If You Like Photography, You Need to Try Film

It’s That Easy!

Attention photographers of Penns Valley! Whether this is a hobby for you, or you’re taking some kind of class, I have a suggestion for you. Try film! Film photography is an ancient art that goes back to the early days of photography, back in the stone age of the early 20th century. Most would probably tell you that film is dead, and digital photography does everything that film did, but better. They aren’t entirely wrong, but it isn’t right to say that film is dead.

My Yashica FX-3 Super 2000 (Sam Ewaskiewicz)

I had my mom buy this camera for me for something like $60 off of eBay about a year ago. It is a Yashica FX-3 Super 2000, a mid-range camera that started being made in the late 80s and was produced until the early 2000s. It is an all-manual camera, with no auto-exposure, auto-focus, or auto-anything. It doesn’t even need a battery, as all the internal mechanisms are clockwork. And yes, it takes film! Good old 35mm, a format that has endured time and continues to be produced today. As of the time of writing, I have only used one type of film, the versatile Fujifilm Fujicolor Superia X-Tra 400. It’s cheap and it can be found at Walmart, so I use it. And yes, film is not only still being produced, but in many different varieties!

So What’s So Cool About All This?

Shooting on film is an experience unlike any other, and has taught me so much about photography. The experience of shooting manual, having to wait to get it developed, shipping it across the country to the lab I pay, it’s really something else. Now, all of that SOUNDS inconvenient, but it’s actually quite fun. I want to focus on shooting manual during this article.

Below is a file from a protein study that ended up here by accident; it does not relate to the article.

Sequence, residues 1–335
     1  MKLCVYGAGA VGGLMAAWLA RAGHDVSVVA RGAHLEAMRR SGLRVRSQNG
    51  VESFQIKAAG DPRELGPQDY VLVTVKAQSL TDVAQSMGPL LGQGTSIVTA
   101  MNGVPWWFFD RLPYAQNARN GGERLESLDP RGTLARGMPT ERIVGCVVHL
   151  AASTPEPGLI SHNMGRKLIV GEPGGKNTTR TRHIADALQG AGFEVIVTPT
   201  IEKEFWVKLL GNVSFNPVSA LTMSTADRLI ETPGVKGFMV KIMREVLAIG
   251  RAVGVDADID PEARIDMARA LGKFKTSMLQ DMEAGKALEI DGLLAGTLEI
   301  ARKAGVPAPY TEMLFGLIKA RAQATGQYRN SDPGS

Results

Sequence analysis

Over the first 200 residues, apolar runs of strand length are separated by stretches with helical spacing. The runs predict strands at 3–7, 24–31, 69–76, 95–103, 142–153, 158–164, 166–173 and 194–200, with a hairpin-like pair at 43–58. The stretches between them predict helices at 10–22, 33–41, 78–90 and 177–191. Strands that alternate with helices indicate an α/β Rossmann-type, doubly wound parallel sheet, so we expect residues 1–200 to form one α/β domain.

The controls of the FX-3 Super 2000 (Sam Ewaskiewicz)

So, as mentioned above, nothing on this camera is automatic. On the lens are the controls for focus and aperture, and the dial to the right of the viewfinder is the shutter speed control. The lever protruding from the camera at the right is to advance the film and ready the shutter. Using these controls has taught me so much about taking pictures. All of these controls are available on modern cameras, and some of them are even available on your phone, but all of them are automated and when you are controlling them manually they are hidden behind button combinations. This camera puts all of them right in my hands, and I only get one shot to get it right. You can only take 36 pictures with every roll of film.

When you use a camera like this, you learn to appreciate the little things. Like focusing using the distance scale that tells you at what distance objects will be in focus, or using the little scale below it to determine depth of field based on aperture. Using this has helped me get a better understanding of photography as a whole, and let me take some beautiful images along the way. They say less is more, and nothing exemplifies that more than film.

All images below were taken using the Yashica FX-3 Super 2000 with the 50mm kit lens.

Looking up Park Road in Millheim (Sam Ewaskiewicz)
Sam Ewaskiewicz
Sam Ewaskiewicz
Sam Ewaskiewicz
Sam Ewaskiewicz